Information flows both ways between Cape Bretoners and Chilean mining delegationCape Breton Post
June 4, 2013
By Ken MacLeod
Membertou - A Chilean mining delegation visiting Cape Breton this week expects to take home as much useful information as it's been dispensing.
Tuesday morning, the delegation toured the Sydney tar ponds and coke ovens sites before heading over to the Membertou Trade and Convention Centre for an afternoon of presentations that ranged from First Nations participation in the tar ponds cleanup, training to meet the needs of the marketplace and environmental regulations in Chilean mining.
"There is some mutual interest, first on the Chilean side, in order to understand the agreements you have made with First Nations communities," said Jaime Solari, general manager of SGA, an environmental consultancy firm in Santiago, Chile, in an interview before his presentation. "These are the things we are recently starting to deal with (in Chile) - mining projects and energy projects are starting to deal with the conflicting interests of local communities and First Nations communities.
"And if anyone wants to open a mine in Chile, we have new environmental regulations. My presentation is on how we do environmental permitting in Chile. I'm taking the case of a mine very close to an important town in the north of Chile."
A presentation from Alex Paul, director of the Unama'ki Economic Benefits Office, likely answered some of Solari's questions. The Unama'ki Economic Benefits Office, a collaborative approach to business development and training that includes all five Cape Breton First Nations, was successful in gaining aboriginal participation in the $400-million Sydney tar ponds cleanup. "Our office has been engaged to speak here today about how, collaboratively, we all work together to have aboriginal participation in the cleanup of the (former coal) mines (sites) but primarily in the tar ponds," Paul said. "I think because they work with indigenous populations in Chile, finding a way to have meaningful involvement and benefit for aboriginals, I think that's something they are going to be very interested in today."
Tanya Collier MacDonald, owner of Pure Project Relations & Consulting, is the former communications manager for the Sydney Tar Ponds Agency, which qualified her to talk about communications and stakeholder engagement. One of their concerns in Chile is learning how to engage stakeholders when projects are being implemented," she said. "So they want to learn more about how to deal with the people who have influence over their project's success, and how we did that at the Sydney tar ponds project.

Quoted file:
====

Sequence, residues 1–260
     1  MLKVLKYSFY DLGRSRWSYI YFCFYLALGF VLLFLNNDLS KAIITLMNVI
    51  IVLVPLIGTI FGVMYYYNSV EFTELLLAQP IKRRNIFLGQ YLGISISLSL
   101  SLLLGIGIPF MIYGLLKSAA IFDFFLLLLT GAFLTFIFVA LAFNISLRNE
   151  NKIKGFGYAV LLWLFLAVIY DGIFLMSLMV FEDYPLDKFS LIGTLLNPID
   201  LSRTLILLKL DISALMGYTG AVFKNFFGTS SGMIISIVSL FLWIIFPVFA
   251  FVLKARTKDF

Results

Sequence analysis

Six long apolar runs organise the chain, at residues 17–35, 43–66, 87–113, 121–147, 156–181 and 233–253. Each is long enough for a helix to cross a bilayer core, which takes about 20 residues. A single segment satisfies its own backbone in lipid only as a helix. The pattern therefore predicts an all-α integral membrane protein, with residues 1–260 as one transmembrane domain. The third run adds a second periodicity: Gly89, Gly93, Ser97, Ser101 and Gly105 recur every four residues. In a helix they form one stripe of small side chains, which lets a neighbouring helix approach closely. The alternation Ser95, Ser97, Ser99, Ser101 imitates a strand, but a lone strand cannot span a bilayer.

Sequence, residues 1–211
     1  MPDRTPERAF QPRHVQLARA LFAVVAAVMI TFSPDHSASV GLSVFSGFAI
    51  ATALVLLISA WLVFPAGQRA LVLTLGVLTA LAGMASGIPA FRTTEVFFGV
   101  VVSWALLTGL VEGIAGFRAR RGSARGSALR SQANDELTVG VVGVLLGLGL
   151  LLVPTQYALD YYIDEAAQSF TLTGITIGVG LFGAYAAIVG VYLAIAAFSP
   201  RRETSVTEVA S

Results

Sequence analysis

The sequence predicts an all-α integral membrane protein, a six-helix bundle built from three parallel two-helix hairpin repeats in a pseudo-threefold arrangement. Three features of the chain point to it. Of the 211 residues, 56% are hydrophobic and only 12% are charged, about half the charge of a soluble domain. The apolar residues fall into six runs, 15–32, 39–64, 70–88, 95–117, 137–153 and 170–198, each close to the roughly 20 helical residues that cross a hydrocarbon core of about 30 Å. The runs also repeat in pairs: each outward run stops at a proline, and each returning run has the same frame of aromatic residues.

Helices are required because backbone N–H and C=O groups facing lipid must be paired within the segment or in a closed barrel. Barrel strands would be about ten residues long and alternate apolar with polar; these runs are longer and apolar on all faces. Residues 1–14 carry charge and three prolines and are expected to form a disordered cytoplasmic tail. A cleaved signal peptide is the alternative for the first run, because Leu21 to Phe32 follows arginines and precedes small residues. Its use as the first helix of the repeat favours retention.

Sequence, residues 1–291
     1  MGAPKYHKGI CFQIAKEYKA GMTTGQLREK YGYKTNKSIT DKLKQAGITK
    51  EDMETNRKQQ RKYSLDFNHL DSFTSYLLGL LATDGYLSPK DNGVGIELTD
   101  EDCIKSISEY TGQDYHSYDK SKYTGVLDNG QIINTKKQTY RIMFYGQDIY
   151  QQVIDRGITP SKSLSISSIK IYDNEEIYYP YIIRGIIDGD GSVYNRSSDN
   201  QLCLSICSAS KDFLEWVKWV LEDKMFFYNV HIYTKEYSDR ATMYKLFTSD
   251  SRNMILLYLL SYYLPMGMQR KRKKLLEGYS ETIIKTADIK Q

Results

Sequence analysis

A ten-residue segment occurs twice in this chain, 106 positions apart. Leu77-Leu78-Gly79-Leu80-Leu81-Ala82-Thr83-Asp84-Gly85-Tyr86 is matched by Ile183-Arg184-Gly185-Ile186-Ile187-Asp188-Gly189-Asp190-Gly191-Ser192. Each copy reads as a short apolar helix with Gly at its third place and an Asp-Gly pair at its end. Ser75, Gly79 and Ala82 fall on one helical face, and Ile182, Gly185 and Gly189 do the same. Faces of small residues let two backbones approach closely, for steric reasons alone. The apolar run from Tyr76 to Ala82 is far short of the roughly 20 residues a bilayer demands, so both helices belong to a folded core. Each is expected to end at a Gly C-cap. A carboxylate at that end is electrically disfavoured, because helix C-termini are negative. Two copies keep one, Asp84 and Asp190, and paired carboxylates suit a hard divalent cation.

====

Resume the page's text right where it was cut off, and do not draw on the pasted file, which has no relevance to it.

"My goal is just to show them the value of engaging people early on in the process, from when they are at the design stage as opposed to when they are announcing (the project)."
Willie McNeil, officer manager for Stantec Consulting Ltd. in Sydney, is also president of the Mining Society of Nova Scotia. In concert with Enterprise Cape Breton Corp., the mining society brought the Chilean trade mission to Cape Breton. "First of all, we've done a lot of work on mine remediation, so a lot of our local firms have developed some expertise in the remediation aspects of mining," he said. "Chile has a $100-billion mining industry, which consists of active mines and mines which are requiring remediation programs as well. Through Enterprise Cape Breton and the mining society, we saw the opportunity to have some of our local companies . . . work with the regulatory agencies and the mining companies in Chile to help them work with the new environmental programs.
Today, the delegation will be travelling to the Inverary Inn in Baddeck as special guests for Thursday's annual general meeting of the Mining Society of Nova Scotia.
The keynote speaker at the event will be Mario Sepulveda, one of the 33 Chilean miners trapped underground for 69 days after a mine disaster that drew worldwide attention in the summer and fall of 2010.